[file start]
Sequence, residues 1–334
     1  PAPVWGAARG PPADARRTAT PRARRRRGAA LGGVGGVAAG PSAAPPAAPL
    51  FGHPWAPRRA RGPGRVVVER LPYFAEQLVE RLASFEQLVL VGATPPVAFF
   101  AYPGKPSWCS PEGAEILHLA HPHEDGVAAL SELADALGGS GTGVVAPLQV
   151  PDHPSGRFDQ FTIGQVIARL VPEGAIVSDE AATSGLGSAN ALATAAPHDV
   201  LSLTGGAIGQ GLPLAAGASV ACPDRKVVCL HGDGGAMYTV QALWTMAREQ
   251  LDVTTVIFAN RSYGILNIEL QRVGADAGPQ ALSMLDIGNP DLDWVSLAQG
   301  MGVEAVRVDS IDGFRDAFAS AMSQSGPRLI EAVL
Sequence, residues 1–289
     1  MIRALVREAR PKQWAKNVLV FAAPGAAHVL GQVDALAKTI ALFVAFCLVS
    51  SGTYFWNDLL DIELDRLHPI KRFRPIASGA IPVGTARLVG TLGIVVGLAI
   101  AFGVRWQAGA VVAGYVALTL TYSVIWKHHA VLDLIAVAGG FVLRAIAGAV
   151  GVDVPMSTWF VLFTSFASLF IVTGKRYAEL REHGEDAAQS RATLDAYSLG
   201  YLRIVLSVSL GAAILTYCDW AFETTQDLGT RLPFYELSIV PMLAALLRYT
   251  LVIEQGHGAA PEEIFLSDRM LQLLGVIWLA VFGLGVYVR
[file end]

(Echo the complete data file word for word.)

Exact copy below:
Sequence, residues 1–334
     1  PAPVWGAARG PPADARRTAT PRARRRRGAA LGGVGGVAAG PSAAPPAAPL
    51  FGHPWAPRRA RGPGRVVVER LPYFAEQLVE RLASFEQLVL VGATPPVAFF
   101  AYPGKPSWCS PEGAEILHLA HPHEDGVAAL SELADALGGS GTGVVAPLQV
   151  PDHPSGRFDQ FTIGQVIARL VPEGAIVSDE AATSGLGSAN ALATAAPHDV
   201  LSLTGGAIGQ GLPLAAGASV ACPDRKVVCL HGDGGAMYTV QALWTMAREQ
   251  LDVTTVIFAN RSYGILNIEL QRVGADAGPQ ALSMLDIGNP DLDWVSLAQG
   301  MGVEAVRVDS IDGFRDAFAS AMSQSGPRLI EAVL
Sequence, residues 1–289
     1  MIRALVREAR PKQWAKNVLV FAAPGAAHVL GQVDALAKTI ALFVAFCLVS
    51  SGTYFWNDLL DIELDRLHPI KRFRPIASGA IPVGTARLVG TLGIVVGLAI
   101  AFGVRWQAGA VVAGYVALTL TYSVIWKHHA VLDLIAVAGG FVLRAIAGAV
   151  GVDVPMSTWF VLFTSFASLF IVTGKRYAEL REHGEDAAQS RATLDAYSLG
   201  YLRIVLSVSL GAAILTYCDW AFETTQDLGT RLPFYELSIV PMLAALLRYT
   251  LVIEQGHGAA PEEIFLSDRM LQLLGVIWLA VFGLGVYVR